Who in the World Speaks English?

by Translation Guy on April 13, 2011
16 comments

What are the differences between those who learn to speak English and those who don’t? Of some half-billion speakers, two-thirds are native speakers and one third speak English as a second language. Education First, a language school, did a report comparing English proficiency around the world. Information was collected from volunteers, so it wasn’t strictly scientific, but findings are no surprise to scientific researchers.

Where are they speaking English? Wealthy countries do better, and small wealthy countries do even better than that. Big countries with big languages are not the biggest when it comes to English. So Scandinavians do so well. Outside of Sweden, there are few who can speak Swedish. Spaniards, the worst English speakers in Europe, can get around pretty well without English, thanks to the widespread use of Spanish. Ditto in Latin America. Who needs another international language if you’ve already got one?

Countries that do a lot of exporting have learned the language of their business customers. Malaysia, the best English performer in Asia, is also the sixth most export-dependent country in the world. While the U.S. and U.K. are not viewed favorably culturally or politically by Malaysians, the growth of English is unaffected.

“Teaching plays a role, too. Starting young, while it seems a good idea, may not pay off: children between eight and 12 learn foreign languages faster than younger ones, so each class hour on English is better spent on a 10-year-old than on a six-year-old. Between 1984 and 2000, the study’s authors say, the Netherlands and Denmark began English-teaching between 10 and 12, while Spain and Italy began between eight and 11, with considerably worse results. Mr Hult reckons that poor methods, particularly the rote learning he sees in Japan, can be responsible for poor results despite strenuous efforts. (He would say that, as his company sells English-teaching, but it rings true.)”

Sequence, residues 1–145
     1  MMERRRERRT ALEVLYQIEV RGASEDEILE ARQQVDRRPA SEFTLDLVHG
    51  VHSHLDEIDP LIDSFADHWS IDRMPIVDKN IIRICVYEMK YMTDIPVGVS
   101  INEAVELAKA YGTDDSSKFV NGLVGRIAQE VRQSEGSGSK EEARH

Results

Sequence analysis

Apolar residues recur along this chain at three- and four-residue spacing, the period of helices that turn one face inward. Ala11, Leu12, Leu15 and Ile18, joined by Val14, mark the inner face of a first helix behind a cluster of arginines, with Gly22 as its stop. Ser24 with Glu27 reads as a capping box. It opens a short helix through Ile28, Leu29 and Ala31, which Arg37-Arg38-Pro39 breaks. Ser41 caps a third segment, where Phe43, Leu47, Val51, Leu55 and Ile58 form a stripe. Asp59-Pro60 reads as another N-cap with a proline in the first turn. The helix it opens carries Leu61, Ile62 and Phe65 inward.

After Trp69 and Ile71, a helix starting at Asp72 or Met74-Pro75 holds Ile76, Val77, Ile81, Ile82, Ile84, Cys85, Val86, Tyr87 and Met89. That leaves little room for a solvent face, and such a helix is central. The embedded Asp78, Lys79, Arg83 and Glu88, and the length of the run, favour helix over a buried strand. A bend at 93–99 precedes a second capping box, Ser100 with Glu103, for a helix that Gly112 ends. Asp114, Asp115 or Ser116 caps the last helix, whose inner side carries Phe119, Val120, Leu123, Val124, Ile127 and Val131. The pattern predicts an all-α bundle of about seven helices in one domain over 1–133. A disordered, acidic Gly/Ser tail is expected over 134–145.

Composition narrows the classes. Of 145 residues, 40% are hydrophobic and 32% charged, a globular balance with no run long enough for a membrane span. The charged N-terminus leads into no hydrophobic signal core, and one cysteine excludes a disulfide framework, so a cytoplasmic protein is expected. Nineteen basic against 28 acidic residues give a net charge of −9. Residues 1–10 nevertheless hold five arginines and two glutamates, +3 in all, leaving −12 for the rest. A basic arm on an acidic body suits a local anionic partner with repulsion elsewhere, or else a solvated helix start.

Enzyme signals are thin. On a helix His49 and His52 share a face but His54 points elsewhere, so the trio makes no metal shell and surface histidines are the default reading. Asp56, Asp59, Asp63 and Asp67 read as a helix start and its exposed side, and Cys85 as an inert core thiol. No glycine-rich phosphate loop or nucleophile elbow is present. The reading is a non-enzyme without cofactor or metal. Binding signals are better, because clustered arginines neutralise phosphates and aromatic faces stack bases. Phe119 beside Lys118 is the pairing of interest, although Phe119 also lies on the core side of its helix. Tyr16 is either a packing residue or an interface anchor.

The study authors also argue that English spreads innovation. “Researchers in the United States publish by far the most scientific papers every year and the U.K. ranks third in publication numbers, after China. But countries with low English proficiency demonstrate unusually low levels of international collaboration on research. In 2009 only 15% of scientific papers published in China cited an international collaborator, compared to 45% in the U.K. and 48% in Germany. This inability to read the research published by others and to contribute to international innovation is a significant challenge for countries lacking English skills amongst highly trained professionals.”

More and more people are learning English, even as the number of native speakers starts to decline. The report predicts two billion people will be learning English in the next decade. Because candidates with English skills above the local average “stand out from the crowds,” they can earn half again as much as their non-English-speaking peers. No surprise that this report from an English language school would call English skills and income “a virtuous circle where better proficiency leads to higher incomes.”

This post lifted mostly from Who speaks English? at the Economist’s most excellent Language Johnson Blog.

16 Comments

  1. Thanks for sharing such great Blog. For a universal expansion of your business and better business viewpoint, doubtless by employing a language interpretation service provider/agency, you can convert all your English-based business documents into any alien language you require.

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  2. smiles says: